Murphy signs executive order requiring health care workers to be vaccinated, boosted

(The Center Square) – Gov. Phil Murphy issued an executive order mandating up-to-date COVID-19 vaccinations and boosters for workers at health care facilities and high-risk congregate settings.

The order eliminates an option for those workers to submit negative COVID tests instead of receiving the vaccine. Workers who do not comply with the requirement, which aligns with a mandate from President Joe Biden, could be fired from their jobs, Murphy said.

Under the new mandate, unvaccinated health care workers have until Jan. 27 to receive their first vaccine dose and Feb. 28 for their second. Unvaccinated workers in high-risk congregate settings have until Feb. 28 to receive their first jab and March 30 for their second.

“We are no longer going to look past those who continue to put their colleagues, and perhaps I think even more importantly, those who are their responsibility in danger of COVID,” Murphy, a Democrat, said during a visit to a federal testing site at Stockton University. “That has to stop.”

Additionally, health care workers have until Feb. 28 to receive the booster, while high-risk congregate workers have until March 30 to receive it. Workers who aren’t eligible to receive the booster until after the mandated date shave three weeks from their booster eligibility date to receive the additional dose.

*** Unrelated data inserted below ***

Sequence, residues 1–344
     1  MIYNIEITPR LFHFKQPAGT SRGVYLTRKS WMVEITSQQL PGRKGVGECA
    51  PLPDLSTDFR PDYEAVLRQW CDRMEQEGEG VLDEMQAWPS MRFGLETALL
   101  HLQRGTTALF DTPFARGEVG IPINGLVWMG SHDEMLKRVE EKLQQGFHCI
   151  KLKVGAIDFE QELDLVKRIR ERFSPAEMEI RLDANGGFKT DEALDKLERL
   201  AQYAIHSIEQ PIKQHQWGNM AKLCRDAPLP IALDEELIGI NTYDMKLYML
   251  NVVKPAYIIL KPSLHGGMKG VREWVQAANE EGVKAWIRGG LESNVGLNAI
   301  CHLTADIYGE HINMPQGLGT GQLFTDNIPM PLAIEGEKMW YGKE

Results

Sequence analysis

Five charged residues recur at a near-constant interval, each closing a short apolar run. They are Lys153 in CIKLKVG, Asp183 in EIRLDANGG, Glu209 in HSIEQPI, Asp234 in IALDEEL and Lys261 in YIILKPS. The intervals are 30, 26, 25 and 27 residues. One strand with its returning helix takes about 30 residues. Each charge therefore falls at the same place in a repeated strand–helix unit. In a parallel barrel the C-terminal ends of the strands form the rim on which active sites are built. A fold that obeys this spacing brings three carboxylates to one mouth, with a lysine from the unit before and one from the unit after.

The governor said workers can seek an exemption for medical reasons or “deeply held religious beliefs.”

Republicans quickly pounced on the news, saying group homes and long-term care facilities will see a staffing crisis due to the new mandate.

“Doctors, nurses, and other medical caregivers have been fighting this fight against COVID-19 since the very beginning,” state Sen. Holly Schepisi, R-Bergen, said in a news release. “After nearly two years, they’re tired, they’re burnt out, and they’re ready for a break.

“Instead of giving them extra support, they’re getting another new mandate from Governor Murphy that will further thin their ranks and increase the workload of those who remain,” Schepisi added. “It doesn’t make any sense and it certainly won’t be good for patients.”

This article was published by The Center Square and is republished here with permission. Click here to view the original.

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